COVID-19 Diagnostic Unit


The COVID-19 unit is licensed by the health regulatory authority (ERS) to provide laboratory healthcare services within the scope of clinical analyzes, being registered with the number E150638. The laboratory is prepared for the molecular diagnosis of respiratory viruses, such as common influenza viruses – Influenza A Virus, Influenza B Virus and Respiratory Syncytial Virus (RSV) as well as the new SARS virus variant, SARS-CoV-2. The laboratory is also prepared to carry out immunoassays, such as the quantification of immunoglobulins G (IgG) against the SARS-CoV-2 virus. The unit has been part of the national network of laboratories COVID-19 since July 13, 2020, when it received a positive opinion from the National Institute of Health Dr. Ricardo Jorge (INSA).

Healthcare Staff
        • Clinical director – Ruben Fernandes
        • Executive manager – Pilar Baylina
        • Technical Director – Fernanda Duarte
        • Technical Coordinator – Carla Guedes
        • Scientific Advisor – Patrick Pais
        • Clinical Secretariat – Álvaro Gestoso
Laboratory tests
    • SARS-CoV-2 – goldstandard method rRT-PCR by several methods and different genes (RdRP, ORF1, E, and N)
    • SARS-CoV-2 – rapid antigen test
    • Respiratory viruses – rRT-PCR (Influenza A, Influenza B, RSV)
    • Antibody quantitative tests – E.L.I.S.A. for IgG anti-SARS-CoV-2
    • Antibody rapid tests – immunocromatography for IgM and IgG anti-SARS-CoV-2
Healthcare Services

Besides conducting all the process at our facilities (from the biological material collection until the final result) we also receive the biological samples collected elsewhere at our facilities. We may also provide qualified technical staff in order to collect biological samples (rino/orofaringeal sampling, blood collecting, …) at your facilities.


Lab tests explained

Here we provide some information about which test to use in each situation and its interpretation.

Do you intend to perform a screening test?

There are two types of screening tests:

  1. Do I have the virus?

    If you want to know if you have the virus or not, then you should be tested either to the proteins of the virus (rapid antigen test) or to the nucleic acid of the virus (RT-PCR). The last one has diagnostics value.

  2. Have I been exposed to the virus?

    If you want to know if you have been exposed to the virus then you should test for antibodies. Antibodies are your natural defenses that ultimately are / or have been fighting the virus.

I have flu-like symptoms. Do I have COVID-19?

The only method reliable for COVID-19 diagnostics is the rRT-PCR. This method detects the presence of the virus, since it detects some pieces of its genome, by a method of amplification genome copies. Another methods is detecting the protein pieces of the virus (rapid antigen test). The technology to detect proteins does not amplify such proteins so, this method is less reliable since it needs much more copies of the virus, but since it is direct is faster. So if you perform a rapid antigen test, and the result is positive you are most probably positive. If your rapid test is negative and you have symptoms, consider with your doctor to perform a rRT-PCR test.

Am I immune to COVID-19?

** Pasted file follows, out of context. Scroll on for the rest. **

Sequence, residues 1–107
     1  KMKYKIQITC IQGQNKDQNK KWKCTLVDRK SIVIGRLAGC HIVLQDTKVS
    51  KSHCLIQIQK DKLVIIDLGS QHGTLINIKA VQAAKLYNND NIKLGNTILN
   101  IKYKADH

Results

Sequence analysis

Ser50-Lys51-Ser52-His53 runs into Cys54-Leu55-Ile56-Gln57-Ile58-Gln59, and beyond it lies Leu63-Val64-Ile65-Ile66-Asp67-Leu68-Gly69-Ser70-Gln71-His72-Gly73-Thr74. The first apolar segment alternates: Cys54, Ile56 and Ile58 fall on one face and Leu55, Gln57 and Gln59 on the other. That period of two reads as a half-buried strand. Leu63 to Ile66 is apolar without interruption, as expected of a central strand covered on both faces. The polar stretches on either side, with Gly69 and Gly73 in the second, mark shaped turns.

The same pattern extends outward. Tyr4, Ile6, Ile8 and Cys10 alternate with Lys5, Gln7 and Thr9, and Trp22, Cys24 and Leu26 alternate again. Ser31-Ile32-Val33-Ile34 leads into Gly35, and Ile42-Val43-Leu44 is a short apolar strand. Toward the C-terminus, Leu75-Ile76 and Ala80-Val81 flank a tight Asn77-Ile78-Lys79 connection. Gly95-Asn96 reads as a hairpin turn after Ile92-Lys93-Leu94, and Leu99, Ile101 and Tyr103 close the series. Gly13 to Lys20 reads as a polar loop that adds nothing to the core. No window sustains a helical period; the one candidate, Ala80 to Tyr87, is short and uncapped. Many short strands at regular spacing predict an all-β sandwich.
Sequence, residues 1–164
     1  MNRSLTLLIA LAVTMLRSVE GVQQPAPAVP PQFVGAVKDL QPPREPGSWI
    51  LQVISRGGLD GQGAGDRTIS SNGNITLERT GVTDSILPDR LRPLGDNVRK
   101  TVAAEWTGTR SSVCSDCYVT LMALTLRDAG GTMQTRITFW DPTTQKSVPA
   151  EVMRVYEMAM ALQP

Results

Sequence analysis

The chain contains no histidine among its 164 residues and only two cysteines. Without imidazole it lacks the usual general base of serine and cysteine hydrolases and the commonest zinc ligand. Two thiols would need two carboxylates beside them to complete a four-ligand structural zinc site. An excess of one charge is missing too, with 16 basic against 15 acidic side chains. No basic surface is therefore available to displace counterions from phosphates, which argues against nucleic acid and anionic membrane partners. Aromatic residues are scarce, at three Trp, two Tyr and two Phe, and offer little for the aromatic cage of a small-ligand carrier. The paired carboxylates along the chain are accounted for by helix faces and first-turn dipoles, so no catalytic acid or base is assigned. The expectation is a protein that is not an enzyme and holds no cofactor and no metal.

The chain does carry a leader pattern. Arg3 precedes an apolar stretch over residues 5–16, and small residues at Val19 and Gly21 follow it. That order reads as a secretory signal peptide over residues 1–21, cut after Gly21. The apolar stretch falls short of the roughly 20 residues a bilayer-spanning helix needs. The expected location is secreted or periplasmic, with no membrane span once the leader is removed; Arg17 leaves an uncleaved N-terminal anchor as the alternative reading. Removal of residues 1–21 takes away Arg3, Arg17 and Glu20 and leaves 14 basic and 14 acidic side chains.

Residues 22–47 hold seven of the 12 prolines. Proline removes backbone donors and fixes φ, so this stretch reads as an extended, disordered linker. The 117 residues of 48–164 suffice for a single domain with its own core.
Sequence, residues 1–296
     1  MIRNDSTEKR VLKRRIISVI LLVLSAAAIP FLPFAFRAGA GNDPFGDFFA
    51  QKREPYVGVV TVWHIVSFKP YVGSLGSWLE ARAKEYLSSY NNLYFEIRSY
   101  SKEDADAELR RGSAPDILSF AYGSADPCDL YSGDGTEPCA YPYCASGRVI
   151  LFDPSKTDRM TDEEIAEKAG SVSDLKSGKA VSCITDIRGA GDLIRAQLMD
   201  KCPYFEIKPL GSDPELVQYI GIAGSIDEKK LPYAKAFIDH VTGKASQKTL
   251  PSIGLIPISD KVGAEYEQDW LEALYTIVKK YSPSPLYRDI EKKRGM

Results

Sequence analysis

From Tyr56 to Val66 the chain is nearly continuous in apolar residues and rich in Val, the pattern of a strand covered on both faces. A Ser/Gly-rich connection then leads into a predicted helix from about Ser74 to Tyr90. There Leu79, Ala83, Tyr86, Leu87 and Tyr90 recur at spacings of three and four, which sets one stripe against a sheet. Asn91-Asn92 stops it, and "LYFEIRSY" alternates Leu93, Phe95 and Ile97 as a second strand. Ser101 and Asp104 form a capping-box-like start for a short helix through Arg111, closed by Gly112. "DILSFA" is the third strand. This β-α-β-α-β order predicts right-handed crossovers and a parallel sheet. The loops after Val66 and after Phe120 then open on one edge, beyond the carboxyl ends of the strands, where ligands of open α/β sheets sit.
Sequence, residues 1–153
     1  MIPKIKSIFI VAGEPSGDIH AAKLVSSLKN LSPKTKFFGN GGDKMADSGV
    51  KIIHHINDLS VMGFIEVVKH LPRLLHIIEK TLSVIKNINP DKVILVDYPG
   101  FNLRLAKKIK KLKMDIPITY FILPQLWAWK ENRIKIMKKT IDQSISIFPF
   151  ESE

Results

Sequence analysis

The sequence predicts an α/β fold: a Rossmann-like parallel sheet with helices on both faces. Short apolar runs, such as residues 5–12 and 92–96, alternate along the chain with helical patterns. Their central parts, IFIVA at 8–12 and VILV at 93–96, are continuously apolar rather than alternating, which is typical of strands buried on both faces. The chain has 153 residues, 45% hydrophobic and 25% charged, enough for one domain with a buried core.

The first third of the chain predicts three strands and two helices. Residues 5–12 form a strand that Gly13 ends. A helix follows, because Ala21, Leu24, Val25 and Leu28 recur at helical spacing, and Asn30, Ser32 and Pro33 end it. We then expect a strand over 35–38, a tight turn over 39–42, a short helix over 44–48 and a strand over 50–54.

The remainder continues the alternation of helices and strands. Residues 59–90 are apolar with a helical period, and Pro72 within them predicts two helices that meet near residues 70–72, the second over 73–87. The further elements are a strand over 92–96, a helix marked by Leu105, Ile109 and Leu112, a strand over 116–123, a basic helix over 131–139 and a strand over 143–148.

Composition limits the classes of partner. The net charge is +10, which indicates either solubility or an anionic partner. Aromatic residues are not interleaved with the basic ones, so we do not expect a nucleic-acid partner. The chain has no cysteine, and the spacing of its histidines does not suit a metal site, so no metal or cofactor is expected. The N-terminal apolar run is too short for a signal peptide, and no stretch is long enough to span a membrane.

Well, that’s the one million dollar answer. The marker that indicates we are probably immune to one infectious disease is the presence of IgG against that pathogen. This is true in most cases, but it is not always like that. Our immune system usually fights pathogens with antibodies. They are different kinds of antibodies. In the case of COVID-19, most rapid serologic tests (tests for antibodies) detect the antibodies against COVID. Antibodies are proteins, and similarly to rapid antigen tests, the technology does not allow the amplification of proteins. So there is a need for a high amount of antibodies for being detected this way. However, your laboratory will have the technology to detect fewer amounts of antibodies (immunoassays like ELISA or CLIA) and it can even quantify them, which will be valuable for your physician. Interpretation: If you are IgM / IgA positive consider with your doctor to perform a PCR to see if the virus is still on your bod. If you are IgG positive, so you’re probably immune to COVID-19 for the next months. There is a period where IgA, IgM, and IgG are present together.

Associated Facilities

Virology Lab

Molecular Biology Lab


Main Clients

Our commitment to healthcare

We have a team prepared to provide high quality results with the least time possible. We have automated equipment for nucleic acid extraction and highly qualified technicians for molecular biology methods.

I am so proud to witness the daily drive of our staff. Their ethical commitment means that they do not just analyze samples, but rather they are concerned with the people ‘behind’ the test tube.

Clinical Director

I appreciate your enthusiasm and availability. It is inspiring for our teams.

Privacy Settings
We use cookies to enhance your experience while using our website. If you are using our Services via a browser you can restrict, block or remove cookies through your web browser settings. We also use content and scripts from third parties that may use tracking technologies. You can selectively provide your consent below to allow such third party embeds. For complete information about the cookies we use, data we collect and how we process them, please check our Privacy Policy
Consent to display content from Youtube
Consent to display content from Vimeo
Google Maps
Consent to display content from Google